The ICE Cube OBCU project
The International Commercial Experiment Cubes Service , operated by a Belgian company Space Applications Services, presents a host of new opportunities for research and development. The platform contains a number of slots for electronic payloads of standard sizes, which are provided with power and connections upstream to the user home base on the ground. This well-defined interface enables teams to rapidly develop and perform experiments in a unique space environment. This opportunity has already been taken advantage of through a number of missions and programs, including, but not limited to, Kirara, Gator GATSBY, Axiom-1 RAKIA and ESA’s own CryptIC, AIM and Orbit your Thesis.
Trying to answer what exactly goes into the process of deploying an experiment cube on the ICE Cubes Facility, or ICF, points towards a standard CubeSat-like development procedure. An experiment cube will be hidden inside a metal chassis, in which a microcontroller-based circuit board will conduct other subsystems responsible for performing a specific set of actions and measurements, e.g. comprising a scientific experiment, and communicate with the platform, and through it, the user home base. Design of the enclosure and the electronics subsystems largely follows the requirements set out by the platform’s operator, with analysis and implementation of which they offer additional consulting services. The software is developed, the enclosure manufactured, the system assembled and prepared for a round of integration testing in a second copy of the ICF operated on ground. While the ICF follows a set of standards defining the interface to an experiment cube, so far there has been no off-the-shelf components that would serve as a common reusable foundation to build experiment-specific payloads on.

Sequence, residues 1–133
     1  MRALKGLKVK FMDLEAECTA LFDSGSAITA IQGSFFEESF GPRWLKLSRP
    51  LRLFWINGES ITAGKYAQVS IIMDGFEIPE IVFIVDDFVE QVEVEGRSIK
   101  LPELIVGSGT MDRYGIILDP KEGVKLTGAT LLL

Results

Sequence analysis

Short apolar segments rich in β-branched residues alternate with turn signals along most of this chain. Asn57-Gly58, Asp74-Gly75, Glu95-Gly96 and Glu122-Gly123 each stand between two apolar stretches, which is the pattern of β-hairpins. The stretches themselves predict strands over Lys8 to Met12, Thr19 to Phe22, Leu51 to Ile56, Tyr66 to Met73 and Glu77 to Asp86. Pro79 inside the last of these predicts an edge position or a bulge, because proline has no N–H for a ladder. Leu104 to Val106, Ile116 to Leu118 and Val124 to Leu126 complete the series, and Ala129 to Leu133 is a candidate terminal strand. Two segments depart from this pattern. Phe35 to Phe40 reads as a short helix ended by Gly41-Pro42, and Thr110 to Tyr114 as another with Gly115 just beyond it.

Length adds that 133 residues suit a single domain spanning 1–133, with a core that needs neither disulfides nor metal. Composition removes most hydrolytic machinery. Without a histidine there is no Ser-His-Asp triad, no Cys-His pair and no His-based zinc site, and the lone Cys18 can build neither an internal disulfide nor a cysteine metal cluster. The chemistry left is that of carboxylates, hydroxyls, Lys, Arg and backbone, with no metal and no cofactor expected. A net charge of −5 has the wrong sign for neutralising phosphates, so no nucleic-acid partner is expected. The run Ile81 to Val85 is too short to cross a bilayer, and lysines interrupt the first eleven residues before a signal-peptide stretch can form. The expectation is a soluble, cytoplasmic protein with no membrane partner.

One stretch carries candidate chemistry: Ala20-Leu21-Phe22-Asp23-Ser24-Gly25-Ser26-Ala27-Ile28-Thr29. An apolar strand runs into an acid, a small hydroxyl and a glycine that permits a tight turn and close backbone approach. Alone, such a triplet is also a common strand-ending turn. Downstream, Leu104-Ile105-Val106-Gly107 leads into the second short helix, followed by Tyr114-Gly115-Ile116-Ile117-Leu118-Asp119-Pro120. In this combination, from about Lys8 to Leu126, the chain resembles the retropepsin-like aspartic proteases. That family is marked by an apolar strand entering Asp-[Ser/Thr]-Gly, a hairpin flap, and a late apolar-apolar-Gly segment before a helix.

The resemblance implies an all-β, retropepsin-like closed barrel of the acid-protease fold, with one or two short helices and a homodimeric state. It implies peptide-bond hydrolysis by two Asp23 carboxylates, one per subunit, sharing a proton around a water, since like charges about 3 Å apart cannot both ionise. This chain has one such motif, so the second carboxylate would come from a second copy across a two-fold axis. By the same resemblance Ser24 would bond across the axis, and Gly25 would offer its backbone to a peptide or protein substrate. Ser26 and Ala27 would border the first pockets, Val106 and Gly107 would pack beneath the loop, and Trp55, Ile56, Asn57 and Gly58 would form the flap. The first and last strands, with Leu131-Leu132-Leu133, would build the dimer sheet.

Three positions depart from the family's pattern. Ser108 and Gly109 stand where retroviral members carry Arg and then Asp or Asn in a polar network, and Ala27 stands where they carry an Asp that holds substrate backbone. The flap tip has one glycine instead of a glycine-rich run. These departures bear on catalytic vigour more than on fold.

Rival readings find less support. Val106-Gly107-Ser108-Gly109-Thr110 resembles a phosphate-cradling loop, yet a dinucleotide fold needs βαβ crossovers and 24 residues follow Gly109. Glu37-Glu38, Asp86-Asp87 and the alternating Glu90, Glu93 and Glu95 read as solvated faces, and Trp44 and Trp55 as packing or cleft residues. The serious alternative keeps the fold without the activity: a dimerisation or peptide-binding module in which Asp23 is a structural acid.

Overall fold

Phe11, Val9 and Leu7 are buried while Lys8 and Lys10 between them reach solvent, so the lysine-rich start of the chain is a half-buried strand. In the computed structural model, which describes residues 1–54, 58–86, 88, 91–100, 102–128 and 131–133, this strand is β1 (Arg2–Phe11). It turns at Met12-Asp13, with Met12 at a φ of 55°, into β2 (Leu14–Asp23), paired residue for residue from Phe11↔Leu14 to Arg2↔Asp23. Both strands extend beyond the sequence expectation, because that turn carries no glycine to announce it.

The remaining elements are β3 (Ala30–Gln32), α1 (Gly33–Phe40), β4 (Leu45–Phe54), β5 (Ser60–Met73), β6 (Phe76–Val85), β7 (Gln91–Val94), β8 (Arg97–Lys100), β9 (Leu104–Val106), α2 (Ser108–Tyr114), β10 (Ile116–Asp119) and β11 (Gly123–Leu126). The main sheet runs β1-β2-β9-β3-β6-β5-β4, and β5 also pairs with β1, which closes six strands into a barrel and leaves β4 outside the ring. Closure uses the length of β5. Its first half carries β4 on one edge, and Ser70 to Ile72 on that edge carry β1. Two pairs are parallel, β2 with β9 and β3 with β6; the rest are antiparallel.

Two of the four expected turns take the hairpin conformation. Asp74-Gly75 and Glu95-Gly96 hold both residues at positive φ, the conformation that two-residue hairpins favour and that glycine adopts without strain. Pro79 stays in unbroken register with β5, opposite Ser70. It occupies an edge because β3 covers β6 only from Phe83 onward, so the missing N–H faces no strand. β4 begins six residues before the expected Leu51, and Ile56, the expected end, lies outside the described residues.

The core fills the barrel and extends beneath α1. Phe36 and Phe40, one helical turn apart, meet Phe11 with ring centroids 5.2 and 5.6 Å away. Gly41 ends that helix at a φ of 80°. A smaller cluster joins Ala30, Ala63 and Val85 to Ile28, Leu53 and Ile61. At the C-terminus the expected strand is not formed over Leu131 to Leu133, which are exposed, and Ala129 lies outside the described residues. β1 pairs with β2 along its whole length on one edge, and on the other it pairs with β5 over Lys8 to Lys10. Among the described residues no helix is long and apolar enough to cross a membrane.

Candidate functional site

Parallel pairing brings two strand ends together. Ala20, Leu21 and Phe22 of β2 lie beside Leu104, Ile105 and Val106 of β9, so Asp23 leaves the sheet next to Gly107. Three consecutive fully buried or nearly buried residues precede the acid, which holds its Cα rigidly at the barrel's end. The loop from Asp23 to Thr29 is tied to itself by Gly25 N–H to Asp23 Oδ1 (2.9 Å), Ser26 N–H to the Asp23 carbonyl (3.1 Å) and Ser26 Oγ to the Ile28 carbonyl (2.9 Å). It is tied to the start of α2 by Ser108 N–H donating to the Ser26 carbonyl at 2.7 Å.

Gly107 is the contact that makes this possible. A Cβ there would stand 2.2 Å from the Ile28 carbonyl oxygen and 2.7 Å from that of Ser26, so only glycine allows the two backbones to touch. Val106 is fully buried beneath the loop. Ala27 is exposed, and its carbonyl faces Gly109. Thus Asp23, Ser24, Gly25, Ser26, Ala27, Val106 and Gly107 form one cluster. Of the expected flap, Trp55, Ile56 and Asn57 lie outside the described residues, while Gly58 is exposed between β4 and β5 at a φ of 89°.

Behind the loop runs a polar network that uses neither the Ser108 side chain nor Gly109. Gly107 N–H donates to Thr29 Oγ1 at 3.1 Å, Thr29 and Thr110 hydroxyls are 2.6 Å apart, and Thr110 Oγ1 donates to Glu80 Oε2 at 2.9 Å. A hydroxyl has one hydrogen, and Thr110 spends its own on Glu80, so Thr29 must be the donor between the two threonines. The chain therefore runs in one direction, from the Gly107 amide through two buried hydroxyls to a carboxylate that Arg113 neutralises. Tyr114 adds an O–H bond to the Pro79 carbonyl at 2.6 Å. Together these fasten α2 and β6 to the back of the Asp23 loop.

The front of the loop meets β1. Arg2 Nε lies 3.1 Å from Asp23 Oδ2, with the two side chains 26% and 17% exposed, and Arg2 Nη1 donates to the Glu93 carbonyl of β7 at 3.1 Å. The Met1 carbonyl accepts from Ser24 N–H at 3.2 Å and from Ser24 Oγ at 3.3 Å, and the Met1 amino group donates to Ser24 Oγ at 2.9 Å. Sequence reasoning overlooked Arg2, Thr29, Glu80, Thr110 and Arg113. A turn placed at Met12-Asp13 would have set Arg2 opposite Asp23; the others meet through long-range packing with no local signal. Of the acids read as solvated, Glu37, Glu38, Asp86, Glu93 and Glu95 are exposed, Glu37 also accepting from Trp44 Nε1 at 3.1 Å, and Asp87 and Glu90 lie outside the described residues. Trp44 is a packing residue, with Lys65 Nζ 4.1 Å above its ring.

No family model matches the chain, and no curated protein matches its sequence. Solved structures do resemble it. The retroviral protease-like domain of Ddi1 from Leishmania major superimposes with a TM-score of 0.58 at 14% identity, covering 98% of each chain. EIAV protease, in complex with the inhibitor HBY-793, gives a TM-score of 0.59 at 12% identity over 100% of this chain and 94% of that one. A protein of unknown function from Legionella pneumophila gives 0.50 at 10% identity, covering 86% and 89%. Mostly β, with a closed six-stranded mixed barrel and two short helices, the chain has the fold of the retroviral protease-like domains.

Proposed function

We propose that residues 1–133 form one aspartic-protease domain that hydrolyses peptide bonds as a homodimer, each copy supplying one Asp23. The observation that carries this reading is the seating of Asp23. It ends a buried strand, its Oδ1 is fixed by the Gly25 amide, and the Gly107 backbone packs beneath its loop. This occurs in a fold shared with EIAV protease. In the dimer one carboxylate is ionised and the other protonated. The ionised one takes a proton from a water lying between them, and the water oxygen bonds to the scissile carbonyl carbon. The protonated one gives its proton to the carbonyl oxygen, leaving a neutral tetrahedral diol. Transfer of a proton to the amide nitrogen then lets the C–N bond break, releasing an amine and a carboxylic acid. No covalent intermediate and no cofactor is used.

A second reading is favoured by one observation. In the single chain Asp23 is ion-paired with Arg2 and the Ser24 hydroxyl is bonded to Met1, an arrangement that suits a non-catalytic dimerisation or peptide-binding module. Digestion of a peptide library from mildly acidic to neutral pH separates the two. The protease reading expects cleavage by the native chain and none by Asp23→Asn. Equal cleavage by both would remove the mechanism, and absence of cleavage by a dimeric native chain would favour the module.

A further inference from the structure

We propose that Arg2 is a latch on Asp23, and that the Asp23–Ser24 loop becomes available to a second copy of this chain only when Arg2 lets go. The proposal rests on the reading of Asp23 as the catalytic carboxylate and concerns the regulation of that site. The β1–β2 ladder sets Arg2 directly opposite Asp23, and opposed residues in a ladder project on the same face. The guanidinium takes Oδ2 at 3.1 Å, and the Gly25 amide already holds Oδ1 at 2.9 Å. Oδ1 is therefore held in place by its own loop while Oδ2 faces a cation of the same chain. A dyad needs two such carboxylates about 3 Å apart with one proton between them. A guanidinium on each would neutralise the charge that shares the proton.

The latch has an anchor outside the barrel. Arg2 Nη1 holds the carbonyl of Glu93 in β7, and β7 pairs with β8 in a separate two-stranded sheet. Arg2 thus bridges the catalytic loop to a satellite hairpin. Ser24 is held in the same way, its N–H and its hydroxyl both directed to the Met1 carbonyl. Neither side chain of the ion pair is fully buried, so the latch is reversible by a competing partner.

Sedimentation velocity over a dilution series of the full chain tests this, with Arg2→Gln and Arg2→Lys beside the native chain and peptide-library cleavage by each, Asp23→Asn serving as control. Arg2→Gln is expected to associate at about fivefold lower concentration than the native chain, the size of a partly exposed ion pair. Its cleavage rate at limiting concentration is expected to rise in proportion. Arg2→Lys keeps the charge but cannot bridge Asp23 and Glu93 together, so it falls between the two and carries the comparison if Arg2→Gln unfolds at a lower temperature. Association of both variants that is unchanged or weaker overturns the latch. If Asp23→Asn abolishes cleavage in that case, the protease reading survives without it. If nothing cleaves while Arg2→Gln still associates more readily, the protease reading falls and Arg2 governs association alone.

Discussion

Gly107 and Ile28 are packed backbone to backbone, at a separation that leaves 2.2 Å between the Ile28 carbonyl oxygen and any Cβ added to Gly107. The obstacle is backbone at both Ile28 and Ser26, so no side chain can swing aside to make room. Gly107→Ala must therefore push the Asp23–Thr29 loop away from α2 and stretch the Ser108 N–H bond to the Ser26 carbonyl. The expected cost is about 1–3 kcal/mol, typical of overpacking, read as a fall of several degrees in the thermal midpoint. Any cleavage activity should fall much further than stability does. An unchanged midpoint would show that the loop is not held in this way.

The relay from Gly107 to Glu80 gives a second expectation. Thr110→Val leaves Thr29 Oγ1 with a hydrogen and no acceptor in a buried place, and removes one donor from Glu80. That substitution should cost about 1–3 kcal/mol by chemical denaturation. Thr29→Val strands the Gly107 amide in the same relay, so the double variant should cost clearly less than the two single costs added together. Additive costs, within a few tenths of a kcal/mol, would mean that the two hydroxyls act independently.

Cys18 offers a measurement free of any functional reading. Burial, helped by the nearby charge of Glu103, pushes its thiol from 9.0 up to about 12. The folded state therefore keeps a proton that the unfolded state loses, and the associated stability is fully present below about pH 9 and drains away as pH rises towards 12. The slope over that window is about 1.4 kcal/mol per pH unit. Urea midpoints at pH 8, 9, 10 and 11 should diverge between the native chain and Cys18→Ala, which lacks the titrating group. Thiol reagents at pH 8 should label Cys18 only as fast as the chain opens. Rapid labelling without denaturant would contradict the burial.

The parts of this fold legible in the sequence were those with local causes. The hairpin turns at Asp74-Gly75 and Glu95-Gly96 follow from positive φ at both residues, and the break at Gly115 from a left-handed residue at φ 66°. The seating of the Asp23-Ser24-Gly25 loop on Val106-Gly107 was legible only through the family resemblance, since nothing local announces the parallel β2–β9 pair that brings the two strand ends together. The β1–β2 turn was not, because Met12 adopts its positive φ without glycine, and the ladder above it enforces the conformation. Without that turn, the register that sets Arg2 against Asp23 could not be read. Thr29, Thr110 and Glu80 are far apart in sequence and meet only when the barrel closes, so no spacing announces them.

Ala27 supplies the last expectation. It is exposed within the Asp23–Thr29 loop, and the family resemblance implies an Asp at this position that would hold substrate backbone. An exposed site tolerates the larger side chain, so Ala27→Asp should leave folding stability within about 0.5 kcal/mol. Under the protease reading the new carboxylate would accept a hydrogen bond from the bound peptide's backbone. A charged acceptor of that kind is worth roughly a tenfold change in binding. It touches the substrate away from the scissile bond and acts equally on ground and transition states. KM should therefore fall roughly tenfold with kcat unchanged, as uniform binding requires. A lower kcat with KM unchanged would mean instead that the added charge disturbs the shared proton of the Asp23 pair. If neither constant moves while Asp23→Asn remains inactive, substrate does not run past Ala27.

The commercial package, ICE Cube On-board Control Unit (OBCU), developed
by N7 Space in collaboration with the
Space Research Centre of the Polish Academy of Sciences (CBK PAN)
comprises of an electronic control board based on a SAMV71Q21 microcontroller,
a 1U mechanical enclosure fitting up to four similarly sized payloads along
with the control board, and a set of software used to command, control, monitor,
communicate with and collect data from the payloads. Utilizing common standards,
it serves as a bridge between customer-defined facilities and the open interfacing
standards, such as the Packet Utilization Standard (PUS), stewarded by the
European Space Agency.
It was developed in scope of an ESA GSTP activity and as such, it will be tested directly during a deployment of a complete OBCU-based cube with in-orbit payload demonstrations on the ISS.
N7 Space is also working on a ground mission control system to be used in
conjunction with the OBCU, to further streamline the process of operating
the cubes based on it.
First flight-ready ICE Cube On-board Control Unit underwent sucessful integration with the mechanical box and testing during its validation campaign held in the second quarter of 2023.